Monday, June 25, 1984
I’m reprinting the day-to-day journal entries of a cross-country bike tour my friend and I took in 1984. More about the TransAmerica Tour 1984
Note to self: If you’re touring by bicycle, stay on the bicycle. We’ve just returned from a strange and troubling adventure involving our reliance on a pickup truck we borrowed for the day. We’re all safe and sound, but it could have turned out much worse.
Bruce and I had planned to take today off and take a $25 guided tour to the Mesa Verde cliff dwellings, about an hour’s drive away. The woman who ran the youth hostel where we were staying said we could do it cheaper if we rented a car. And what’s more, a German hostel guest, Christiane, could go with us and make it back by her 4:30 bus ride out of town.
Clay, a guy from across the street who hangs around to drink the coffee here, did that one better. He offered us the use of a pickup truck he had just purchased from a local mining company. We took him up on the offer.
When we turned to wave goodbye, it appeared to me that he had a worried expression on his face.
We made the park entrance quickly, but the drive up to the ruins on the winding road seemed to take a long time. This surprised me. Being passed by thousands of speeding cars on our bike tour, I had the impression that car travel was instantaneous. It’s not, especially in an old beater of a pickup.
We stopped at a number of stunning prehistoric dwelling sites, where we walked in and out of the centuries-old rooms. We imagined what it must have been like for the first cowboys to stumble upon these cliff cities.
But returning to the truck, it was the same old story: the engine wouldn’t turn over until we clicked the ignition 10 or 15 times. We took turns, trying to figure who had “The Touch.”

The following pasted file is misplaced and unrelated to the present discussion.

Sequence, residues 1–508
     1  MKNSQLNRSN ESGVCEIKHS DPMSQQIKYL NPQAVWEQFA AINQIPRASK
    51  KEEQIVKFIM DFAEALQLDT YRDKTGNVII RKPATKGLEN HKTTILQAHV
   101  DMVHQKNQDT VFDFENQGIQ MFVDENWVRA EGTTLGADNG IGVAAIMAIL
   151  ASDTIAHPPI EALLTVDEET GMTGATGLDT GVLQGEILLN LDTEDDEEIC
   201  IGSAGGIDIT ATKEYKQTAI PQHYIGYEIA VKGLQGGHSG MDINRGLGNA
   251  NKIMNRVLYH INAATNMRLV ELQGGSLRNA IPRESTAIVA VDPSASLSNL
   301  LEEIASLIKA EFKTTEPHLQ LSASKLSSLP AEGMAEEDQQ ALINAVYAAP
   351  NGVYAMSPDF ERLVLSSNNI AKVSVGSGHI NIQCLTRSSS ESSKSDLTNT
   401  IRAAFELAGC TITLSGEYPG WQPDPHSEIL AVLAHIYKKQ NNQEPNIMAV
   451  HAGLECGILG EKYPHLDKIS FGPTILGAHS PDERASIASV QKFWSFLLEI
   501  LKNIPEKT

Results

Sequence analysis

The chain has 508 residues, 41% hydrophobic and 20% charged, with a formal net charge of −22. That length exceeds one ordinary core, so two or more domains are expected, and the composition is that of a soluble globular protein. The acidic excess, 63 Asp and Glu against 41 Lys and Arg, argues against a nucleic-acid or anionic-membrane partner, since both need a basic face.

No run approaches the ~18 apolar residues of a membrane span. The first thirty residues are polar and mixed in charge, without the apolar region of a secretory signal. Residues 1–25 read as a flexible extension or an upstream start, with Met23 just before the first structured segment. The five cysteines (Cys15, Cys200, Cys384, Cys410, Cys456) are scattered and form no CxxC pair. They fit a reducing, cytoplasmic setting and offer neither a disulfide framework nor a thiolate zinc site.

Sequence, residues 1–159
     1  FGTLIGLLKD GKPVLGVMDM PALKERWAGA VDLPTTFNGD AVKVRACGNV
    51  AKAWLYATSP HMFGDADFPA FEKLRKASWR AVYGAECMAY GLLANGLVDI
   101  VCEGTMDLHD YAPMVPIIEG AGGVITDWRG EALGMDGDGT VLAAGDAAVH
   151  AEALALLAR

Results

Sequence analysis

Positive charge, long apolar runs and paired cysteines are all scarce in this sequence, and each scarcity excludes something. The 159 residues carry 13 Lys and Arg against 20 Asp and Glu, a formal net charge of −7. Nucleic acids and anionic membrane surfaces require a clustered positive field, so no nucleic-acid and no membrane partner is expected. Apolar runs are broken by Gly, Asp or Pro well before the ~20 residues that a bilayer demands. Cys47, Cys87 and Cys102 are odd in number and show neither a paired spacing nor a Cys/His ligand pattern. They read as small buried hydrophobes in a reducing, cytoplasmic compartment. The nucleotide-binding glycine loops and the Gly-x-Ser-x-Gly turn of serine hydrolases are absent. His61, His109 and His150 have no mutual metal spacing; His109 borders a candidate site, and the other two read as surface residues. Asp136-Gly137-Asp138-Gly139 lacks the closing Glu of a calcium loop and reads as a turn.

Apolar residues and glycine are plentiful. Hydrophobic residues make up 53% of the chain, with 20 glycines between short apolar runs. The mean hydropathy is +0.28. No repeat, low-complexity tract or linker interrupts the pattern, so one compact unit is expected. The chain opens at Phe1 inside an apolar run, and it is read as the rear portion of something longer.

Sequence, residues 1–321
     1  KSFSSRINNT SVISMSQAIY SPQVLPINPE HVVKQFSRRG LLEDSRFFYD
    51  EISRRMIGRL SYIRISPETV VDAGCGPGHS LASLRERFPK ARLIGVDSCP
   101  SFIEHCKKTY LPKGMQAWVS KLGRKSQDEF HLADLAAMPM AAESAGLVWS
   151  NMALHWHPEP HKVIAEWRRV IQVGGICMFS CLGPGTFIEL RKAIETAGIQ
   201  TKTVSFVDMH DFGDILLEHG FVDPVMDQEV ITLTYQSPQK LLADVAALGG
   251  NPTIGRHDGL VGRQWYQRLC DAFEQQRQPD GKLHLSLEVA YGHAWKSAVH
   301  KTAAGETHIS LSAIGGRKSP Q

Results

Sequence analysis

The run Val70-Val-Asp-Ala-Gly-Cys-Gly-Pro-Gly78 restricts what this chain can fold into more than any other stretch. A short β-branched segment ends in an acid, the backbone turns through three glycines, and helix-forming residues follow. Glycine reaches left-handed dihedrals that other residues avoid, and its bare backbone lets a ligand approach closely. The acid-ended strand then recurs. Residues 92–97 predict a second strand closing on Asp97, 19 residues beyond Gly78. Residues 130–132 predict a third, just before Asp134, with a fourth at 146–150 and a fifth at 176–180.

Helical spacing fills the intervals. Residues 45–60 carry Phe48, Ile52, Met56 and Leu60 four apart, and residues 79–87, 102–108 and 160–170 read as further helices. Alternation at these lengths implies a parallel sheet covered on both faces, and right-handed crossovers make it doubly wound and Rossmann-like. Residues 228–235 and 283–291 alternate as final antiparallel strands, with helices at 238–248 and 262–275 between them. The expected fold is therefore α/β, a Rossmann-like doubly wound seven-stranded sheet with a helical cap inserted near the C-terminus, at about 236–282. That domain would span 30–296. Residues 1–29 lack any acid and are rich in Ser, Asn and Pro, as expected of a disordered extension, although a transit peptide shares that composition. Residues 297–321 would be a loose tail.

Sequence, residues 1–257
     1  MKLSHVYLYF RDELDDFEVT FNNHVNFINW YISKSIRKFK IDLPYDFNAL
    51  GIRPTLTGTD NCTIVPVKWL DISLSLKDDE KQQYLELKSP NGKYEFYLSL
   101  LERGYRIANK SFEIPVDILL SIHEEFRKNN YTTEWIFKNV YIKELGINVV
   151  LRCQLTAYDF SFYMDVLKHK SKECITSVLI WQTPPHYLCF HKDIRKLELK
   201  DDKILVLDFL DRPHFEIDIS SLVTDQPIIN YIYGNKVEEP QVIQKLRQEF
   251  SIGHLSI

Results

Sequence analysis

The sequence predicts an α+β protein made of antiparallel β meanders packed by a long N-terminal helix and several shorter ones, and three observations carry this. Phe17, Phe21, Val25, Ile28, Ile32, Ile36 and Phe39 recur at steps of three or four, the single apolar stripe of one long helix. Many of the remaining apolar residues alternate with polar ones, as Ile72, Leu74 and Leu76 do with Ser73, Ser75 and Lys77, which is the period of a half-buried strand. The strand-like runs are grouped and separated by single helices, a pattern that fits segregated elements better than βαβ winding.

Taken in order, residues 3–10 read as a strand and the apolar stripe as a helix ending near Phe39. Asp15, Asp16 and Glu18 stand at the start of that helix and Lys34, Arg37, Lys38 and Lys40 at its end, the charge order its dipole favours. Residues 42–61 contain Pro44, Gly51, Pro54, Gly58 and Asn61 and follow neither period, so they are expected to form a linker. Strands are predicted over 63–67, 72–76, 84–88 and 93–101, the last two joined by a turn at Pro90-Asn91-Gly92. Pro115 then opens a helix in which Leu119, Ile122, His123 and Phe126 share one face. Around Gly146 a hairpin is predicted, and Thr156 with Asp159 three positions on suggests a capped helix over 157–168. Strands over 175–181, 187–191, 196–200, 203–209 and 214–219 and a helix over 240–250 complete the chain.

With this hinky pickup, we decided to cut short our visit and head back to Durango. Passing through a tunnel leaving the park the engine died. I yelled at Bruce to turn on the lights, he said they were turned on. We quickly discovered that the entire electrical system was kaput (thanks to Christiane for this description), and we were sitting in a dark tunnel with no lights. Christiane took the wheel and Bruce and I jumped out and pushed the truck out of the tunnel. No doubt 2,000 miles of bicycling helped our horsepower.
We left the pickup at the side of the road, caught a ride to the ranger station, called our benefactor in Durango, and set out to hitchhike home. We stood out on Route 160, the road to Durango, three thumbs waving in the breeze. We finally got a ride to Manco, then waited another long time before a guy named Butch stopped to pick us up.
Butch gives us a lift
Butch was just returning from a bluegrass festival in Telluride and was in the mood to be helpful. He was just in time. Huge thunderheads were brewing up all over the valley and it was raining snakes and lizards all over the Four Corners. He drank beer and smoked a little pot as he drove along, and Bruce talked nonstop to him to try and keep him from getting sleepy.
We made it back to Durango, returned the keys (the guy apologized to us), Christiana missed her bus connection, and Bruce and I walked around town and had dinner. At one point, Butch stumbled right past without recognizing us. I’m glad he picked us up earlier in the day before he was too far gone.